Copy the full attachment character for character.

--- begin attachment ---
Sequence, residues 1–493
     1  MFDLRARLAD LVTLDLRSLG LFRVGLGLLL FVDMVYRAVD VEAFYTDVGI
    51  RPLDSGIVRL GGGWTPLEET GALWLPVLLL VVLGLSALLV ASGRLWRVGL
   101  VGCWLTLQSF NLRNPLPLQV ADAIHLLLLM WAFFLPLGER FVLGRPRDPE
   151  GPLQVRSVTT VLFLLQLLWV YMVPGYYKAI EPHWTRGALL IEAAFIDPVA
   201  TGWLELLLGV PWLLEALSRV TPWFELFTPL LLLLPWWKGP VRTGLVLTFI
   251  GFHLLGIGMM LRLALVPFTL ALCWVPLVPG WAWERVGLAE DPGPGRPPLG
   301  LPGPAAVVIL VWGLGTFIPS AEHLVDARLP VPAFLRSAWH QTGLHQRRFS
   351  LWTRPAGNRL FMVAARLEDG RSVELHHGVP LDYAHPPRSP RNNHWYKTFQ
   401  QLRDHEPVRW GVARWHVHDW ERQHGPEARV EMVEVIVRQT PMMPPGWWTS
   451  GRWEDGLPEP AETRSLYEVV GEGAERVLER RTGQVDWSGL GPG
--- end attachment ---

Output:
Sequence, residues 1–493
     1  MFDLRARLAD LVTLDLRSLG LFRVGLGLLL FVDMVYRAVD VEAFYTDVGI
    51  RPLDSGIVRL GGGWTPLEET GALWLPVLLL VVLGLSALLV ASGRLWRVGL
   101  VGCWLTLQSF NLRNPLPLQV ADAIHLLLLM WAFFLPLGER FVLGRPRDPE
   151  GPLQVRSVTT VLFLLQLLWV YMVPGYYKAI EPHWTRGALL IEAAFIDPVA
   201  TGWLELLLGV PWLLEALSRV TPWFELFTPL LLLLPWWKGP VRTGLVLTFI
   251  GFHLLGIGMM LRLALVPFTL ALCWVPLVPG WAWERVGLAE DPGPGRPPLG
   301  LPGPAAVVIL VWGLGTFIPS AEHLVDARLP VPAFLRSAWH QTGLHQRRFS
   351  LWTRPAGNRL FMVAARLEDG RSVELHHGVP LDYAHPPRSP RNNHWYKTFQ
   401  QLRDHEPVRW GVARWHVHDW ERQHGPEARV EMVEVIVRQT PMMPPGWWTS
   451  GRWEDGLPEP AETRSLYEVV GEGAERVLER RTGQVDWSGL GPG